Regardless of what the system looks like for you, I thought I could still share some tips with you. This is the process I use when I sit down to write an IEP. It's precise. I've spent the last 6 years perfecting it and every time I write an IEP I perfect it a little bit more.
Each year IEP writing for me includes IEPs for new incoming pre-schoolers, annual review meetings for pre-schoolers already in our program and revision meetings throughout the year. I'm going to share my tips with you from the experience of writing a pre-school IEP. I specify pre-school student because again, many IEPs look different among states, and can also be different for different grade levels. I might include stuff your IEP doesn't require, and your IEP might require stuff that mine does not. Either way I hope you still find these resources helpful to you in your writing process!
Before I get started I make sure I have a time sheet to keep with my paperwork. This isn't something we're required to do, but something I began doing myself this year just to keep track of how much time I spend on an IEP for a student.
When I'm writing an IEP for a new student the first thing I look through is the evaluation report and while doing so there are several things I'm looking for. I can save time by using this page to fill in info as a come across it.
The next thing I'm looking for are the areas of delay for the students. I list out both the areas of qualifying delays and the areas with a partial delay. A partial delay may still require a need area or even a goal on the IEP if the child still has skills under this domain they need support with. The areas with qualifying delays MUST have goals.
Once I've identified the areas where I need to write goals I move to the next sheet. I use one of these for each need area where I am writing a goal, so you'll have to print multiples of this one. I list the area of need at the top, then refer to the evaluation report to gather the students present level of performance in this area.
When I write goals I always write the annual goal first and then make my benchmarks from there. I included space for up to four benchmarks on this page. Sometimes you may have 5 depending on when during the year you're writing the goal.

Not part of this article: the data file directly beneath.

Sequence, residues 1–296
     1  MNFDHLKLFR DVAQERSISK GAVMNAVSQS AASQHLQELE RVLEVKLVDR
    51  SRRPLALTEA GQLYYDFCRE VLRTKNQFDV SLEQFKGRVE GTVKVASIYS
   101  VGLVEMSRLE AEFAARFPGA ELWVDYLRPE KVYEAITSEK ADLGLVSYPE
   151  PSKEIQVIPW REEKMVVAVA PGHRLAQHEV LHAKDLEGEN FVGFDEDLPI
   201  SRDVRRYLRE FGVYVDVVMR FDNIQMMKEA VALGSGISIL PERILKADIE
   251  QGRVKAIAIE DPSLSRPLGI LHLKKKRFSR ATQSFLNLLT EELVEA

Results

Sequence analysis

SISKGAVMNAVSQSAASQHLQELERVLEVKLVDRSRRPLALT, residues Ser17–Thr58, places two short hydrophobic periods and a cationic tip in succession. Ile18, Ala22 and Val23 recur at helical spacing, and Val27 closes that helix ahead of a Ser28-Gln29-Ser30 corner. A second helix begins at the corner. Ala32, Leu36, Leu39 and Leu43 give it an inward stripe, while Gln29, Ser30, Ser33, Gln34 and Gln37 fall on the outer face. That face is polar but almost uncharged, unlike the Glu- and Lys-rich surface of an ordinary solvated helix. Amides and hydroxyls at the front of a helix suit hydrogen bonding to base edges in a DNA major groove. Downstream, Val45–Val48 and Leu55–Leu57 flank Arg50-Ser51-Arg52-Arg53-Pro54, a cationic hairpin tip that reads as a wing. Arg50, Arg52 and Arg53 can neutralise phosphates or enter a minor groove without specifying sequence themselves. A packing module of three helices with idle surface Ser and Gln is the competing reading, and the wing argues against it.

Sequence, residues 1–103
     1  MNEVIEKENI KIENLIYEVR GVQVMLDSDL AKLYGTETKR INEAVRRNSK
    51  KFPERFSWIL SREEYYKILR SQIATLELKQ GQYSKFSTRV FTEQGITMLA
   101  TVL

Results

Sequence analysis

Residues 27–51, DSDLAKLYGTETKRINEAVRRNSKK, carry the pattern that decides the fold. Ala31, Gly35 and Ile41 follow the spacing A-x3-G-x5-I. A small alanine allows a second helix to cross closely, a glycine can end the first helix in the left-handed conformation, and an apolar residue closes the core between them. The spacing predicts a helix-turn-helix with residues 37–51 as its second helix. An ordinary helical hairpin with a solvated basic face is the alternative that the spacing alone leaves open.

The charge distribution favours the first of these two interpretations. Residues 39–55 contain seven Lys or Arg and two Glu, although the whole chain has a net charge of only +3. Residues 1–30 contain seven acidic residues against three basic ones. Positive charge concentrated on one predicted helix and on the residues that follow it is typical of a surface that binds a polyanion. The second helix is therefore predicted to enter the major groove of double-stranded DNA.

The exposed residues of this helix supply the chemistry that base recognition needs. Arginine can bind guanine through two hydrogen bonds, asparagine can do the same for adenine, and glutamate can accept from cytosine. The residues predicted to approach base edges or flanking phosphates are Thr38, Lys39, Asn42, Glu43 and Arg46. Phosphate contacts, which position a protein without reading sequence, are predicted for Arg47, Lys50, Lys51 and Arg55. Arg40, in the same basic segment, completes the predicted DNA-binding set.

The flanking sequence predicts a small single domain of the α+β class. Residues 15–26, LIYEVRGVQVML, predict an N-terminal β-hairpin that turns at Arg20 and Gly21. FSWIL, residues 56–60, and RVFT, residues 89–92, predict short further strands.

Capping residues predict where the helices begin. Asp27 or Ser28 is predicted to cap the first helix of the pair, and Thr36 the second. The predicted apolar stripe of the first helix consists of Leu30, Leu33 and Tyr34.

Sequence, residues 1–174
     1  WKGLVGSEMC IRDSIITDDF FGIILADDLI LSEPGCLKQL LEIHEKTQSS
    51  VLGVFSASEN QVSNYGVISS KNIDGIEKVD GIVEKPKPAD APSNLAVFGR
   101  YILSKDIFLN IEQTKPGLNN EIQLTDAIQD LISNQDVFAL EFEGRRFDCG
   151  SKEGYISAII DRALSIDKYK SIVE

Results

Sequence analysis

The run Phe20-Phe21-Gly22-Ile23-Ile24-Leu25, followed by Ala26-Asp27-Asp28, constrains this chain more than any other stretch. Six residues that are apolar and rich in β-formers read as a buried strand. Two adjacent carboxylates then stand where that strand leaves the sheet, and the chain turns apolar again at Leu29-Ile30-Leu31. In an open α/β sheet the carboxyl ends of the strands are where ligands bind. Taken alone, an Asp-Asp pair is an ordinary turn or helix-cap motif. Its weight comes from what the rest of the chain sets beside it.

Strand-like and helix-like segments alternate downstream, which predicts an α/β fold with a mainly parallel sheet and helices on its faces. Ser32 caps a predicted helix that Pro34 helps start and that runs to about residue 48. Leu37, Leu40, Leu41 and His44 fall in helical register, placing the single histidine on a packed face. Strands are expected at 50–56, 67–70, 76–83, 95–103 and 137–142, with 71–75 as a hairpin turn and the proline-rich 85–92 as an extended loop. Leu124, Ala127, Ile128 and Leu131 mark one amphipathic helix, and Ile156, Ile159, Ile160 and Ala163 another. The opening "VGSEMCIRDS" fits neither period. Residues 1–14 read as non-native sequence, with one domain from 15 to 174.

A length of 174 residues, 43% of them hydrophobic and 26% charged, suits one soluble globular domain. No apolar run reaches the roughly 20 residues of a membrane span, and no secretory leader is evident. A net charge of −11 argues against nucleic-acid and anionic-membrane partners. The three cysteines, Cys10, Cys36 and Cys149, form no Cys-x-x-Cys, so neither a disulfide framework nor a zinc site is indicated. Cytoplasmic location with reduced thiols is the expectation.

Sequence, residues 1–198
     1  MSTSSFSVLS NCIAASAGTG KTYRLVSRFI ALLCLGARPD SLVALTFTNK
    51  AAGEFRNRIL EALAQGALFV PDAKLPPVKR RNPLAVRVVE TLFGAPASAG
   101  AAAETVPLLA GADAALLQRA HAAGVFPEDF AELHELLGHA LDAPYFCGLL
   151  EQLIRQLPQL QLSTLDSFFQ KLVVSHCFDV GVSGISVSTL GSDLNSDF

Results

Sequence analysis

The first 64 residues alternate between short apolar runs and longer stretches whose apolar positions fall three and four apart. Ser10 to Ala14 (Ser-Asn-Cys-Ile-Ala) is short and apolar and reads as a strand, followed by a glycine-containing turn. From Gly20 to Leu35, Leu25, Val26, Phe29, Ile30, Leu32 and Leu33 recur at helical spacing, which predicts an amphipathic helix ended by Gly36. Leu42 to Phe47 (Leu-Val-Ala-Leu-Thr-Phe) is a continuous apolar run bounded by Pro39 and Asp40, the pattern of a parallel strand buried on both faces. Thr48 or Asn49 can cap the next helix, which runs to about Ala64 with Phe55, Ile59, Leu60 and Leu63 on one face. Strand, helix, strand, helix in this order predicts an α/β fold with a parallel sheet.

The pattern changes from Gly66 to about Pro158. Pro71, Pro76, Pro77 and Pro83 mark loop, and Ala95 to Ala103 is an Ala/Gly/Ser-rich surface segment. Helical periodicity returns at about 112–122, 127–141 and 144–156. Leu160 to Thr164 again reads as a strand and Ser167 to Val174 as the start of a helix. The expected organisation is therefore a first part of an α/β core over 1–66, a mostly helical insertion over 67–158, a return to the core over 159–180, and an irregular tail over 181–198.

Once goals are completed the IEPs we write look at additional considerations. This includes special transportation, 12 month entitlement services, and extended school year (ESY) services. This is typically stuff I add to the online system as I'm going through, but I've included it in the forms as well just in case.
And for me, the last consideration for the IEP is an explanation of the student's placement. The placement page shows what kind of setting the child is in and we have to explain/summarize why that child is placed in that setting. Again, this is typically something I just add to the online system when I get there, but I've also included this on the planning pages.
I hope this is something you'll find helpful while writing an IEP. For me this really helps me organize the information and my thoughts before entering it into the formal IEP system. By having the additional pages for the smaller sections at the end I can get everything done on paper--which might also be helpful if I find myself multitasking during maybe a staff meeting haha.
I've also included forms for when you are working on an annual review IEP for a student you already have. In this case the "process" can be a little different because you aren't using an evaluation report to base your IEP off of.
If this is something you think could help you out, click the photo below to head to my TpT store and grab a copy!